Founders Day October 5, 2013
The Weston Historical Society hosted an open house on October 5, 2013, the day of the Weston300 Founders Day Parade. Our thanks to Addie Fiske for loaning us two beautiful dresses, of the style that Alice and Ellen Jones might have worn when they lived in the Jones House, now known as the Josiah Smith Tavern, in the late 19th and early 20th century.
Weston Historical Society's Spring Lecture
"Weston and the Development of The Hub's Metropolis"
by James O'Connell
Urban historian James O'Connell will present an illustrated talk about how the landscape of metropolitan Boston —
including the Town of Weston — was shaped over two hundred years. From the village centers of 1800 to the far-flung,
automobile exurbs of today, Boston has been a national pacesetter for suburbanization. In his book The Hub's Metropolis,
James O'Connell charts the evolution of Boston's suburban development.
Boston is compact and consolidated — famously, "the Hub." Greater Boston, however, stretches over 1,736 square miles and ranks as the world’s sixth largest metropolitan area. Boston suburbs began to develop after 1820, when wealthy city dwellers built country estates that were just a short carriage ride away from their homes in the city. Then, as transportation became more efficient and affordable, the map of the suburbs expanded. The Metropolitan Park Commission's park-and-parkway system, developed in the 1890s, created a template for suburbanization that represents the country's first example of regional planning.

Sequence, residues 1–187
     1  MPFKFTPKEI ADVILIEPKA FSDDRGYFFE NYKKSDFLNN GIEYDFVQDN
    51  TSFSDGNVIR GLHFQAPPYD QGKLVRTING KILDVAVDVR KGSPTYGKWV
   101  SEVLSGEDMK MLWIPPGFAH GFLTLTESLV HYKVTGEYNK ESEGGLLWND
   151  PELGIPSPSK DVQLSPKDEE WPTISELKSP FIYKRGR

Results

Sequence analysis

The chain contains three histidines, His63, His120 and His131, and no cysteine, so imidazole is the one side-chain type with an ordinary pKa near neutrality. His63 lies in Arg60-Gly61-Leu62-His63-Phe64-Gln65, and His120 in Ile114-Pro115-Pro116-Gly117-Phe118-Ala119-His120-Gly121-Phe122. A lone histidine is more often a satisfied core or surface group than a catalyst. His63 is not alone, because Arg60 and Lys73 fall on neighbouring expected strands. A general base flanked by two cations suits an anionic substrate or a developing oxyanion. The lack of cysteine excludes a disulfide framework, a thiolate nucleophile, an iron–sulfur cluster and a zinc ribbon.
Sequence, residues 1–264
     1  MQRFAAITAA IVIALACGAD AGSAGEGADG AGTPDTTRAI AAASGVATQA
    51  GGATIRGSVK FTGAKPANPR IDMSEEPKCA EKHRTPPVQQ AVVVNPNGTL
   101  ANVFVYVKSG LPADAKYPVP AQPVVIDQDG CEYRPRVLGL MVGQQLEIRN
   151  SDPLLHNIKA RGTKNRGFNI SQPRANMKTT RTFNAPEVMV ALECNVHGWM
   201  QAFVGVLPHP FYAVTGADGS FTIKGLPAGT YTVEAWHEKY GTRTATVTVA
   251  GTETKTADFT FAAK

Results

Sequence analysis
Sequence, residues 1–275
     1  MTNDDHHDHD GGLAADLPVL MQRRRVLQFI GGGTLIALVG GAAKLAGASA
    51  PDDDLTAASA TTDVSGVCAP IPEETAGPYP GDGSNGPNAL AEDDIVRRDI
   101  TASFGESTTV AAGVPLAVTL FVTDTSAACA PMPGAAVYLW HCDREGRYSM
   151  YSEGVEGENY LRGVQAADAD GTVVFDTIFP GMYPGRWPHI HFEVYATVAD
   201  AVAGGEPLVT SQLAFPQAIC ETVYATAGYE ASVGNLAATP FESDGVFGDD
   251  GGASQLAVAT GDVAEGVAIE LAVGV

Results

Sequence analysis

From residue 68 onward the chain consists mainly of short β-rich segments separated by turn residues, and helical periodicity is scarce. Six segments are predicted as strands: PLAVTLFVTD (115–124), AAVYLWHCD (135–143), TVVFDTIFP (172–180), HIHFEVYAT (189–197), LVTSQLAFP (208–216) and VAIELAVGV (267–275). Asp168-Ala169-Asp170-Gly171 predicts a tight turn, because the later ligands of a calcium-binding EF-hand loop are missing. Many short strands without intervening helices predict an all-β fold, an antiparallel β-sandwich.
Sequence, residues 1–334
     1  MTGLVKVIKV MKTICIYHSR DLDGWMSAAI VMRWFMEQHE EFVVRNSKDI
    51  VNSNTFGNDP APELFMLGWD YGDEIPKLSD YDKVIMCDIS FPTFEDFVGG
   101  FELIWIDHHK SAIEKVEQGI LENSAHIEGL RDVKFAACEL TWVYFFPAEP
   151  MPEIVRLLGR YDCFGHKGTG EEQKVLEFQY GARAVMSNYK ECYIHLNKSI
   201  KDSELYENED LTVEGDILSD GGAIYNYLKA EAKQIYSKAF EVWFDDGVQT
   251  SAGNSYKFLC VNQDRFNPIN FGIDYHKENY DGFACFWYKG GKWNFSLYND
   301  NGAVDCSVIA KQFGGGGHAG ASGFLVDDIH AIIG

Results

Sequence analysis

O'Connell identifies nine layers of Boston suburban development, each of which has left its imprint on the landscape: traditional villages; country retreats; railroad suburbs; streetcar suburbs (the first electric streetcar boulevard, Beacon Street in Brookline, was designed by Frederic Law Olmsted); parkway suburbs, which emphasized public green space but also encouraged commuting by automobile; mill towns, with housing for workers; upscale and middle-class suburbs accessible by outer-belt highways like Route 128; exurban, McMansion-dotted sprawl; and smart growth. Still a pacesetter, Greater Boston has pioneered anti-sprawl initiatives that encourage compact, mixed-use development in existing neighborhoods near railroad and transit stations.
James O’Connell is a planner and historian for the Boston Regional Office of the National Park Service. He has a B.A. from Bates College and an M.A. and Ph.D. in Urban History from the University of Chicago. He has written five books, including Becoming Cape Cod: Creating a Seaside Resort.
A Weston TimelineFor the 2013 Tercentennial, the Weston Historical Commission has published A Weston Timeline by Pamela W. Fox, a 46-page color illustrated booklet produced in cooperation with the Weston Historical Society.
Will You Pitch In?Donations to underwrite expenses for the WHS Tercentennial Exhibition continue to be gratefully accepted. The names of current sponsors have been acknowledged on a display panel at the exhibition. Contributions can be mailed to Weston Historical Society at P.O. Box 343, Weston MA 02493.
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